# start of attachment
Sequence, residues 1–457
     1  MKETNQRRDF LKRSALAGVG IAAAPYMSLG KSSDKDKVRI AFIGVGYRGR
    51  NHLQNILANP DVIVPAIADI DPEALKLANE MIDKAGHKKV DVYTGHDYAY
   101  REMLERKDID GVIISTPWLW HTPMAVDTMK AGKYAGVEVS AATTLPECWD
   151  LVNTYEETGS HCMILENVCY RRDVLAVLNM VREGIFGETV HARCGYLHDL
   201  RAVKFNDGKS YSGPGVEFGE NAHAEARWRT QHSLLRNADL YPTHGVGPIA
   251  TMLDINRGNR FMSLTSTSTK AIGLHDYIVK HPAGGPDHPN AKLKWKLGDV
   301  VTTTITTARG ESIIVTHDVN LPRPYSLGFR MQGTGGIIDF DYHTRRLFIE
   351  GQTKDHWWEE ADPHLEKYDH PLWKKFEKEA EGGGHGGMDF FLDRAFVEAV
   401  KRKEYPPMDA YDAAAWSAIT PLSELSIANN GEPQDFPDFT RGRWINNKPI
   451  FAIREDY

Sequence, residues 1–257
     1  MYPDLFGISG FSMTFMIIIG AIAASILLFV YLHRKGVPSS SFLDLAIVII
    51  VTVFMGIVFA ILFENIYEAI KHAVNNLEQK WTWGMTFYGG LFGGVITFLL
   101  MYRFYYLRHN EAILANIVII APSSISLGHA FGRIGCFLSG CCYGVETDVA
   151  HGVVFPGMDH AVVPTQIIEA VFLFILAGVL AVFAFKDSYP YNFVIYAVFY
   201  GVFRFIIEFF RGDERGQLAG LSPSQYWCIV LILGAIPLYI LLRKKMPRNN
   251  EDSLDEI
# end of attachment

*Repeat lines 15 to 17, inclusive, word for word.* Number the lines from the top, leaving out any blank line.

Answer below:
   101  MYRFYYLRHN EAILANIVII APSSISLGHA FGRIGCFLSG CCYGVETDVA
   151  HGVVFPGMDH AVVPTQIIEA VFLFILAGVL AVFAFKDSYP YNFVIYAVFY
   201  GVFRFIIEFF RGDERGQLAG LSPSQYWCIV LILGAIPLYI LLRKKMPRNN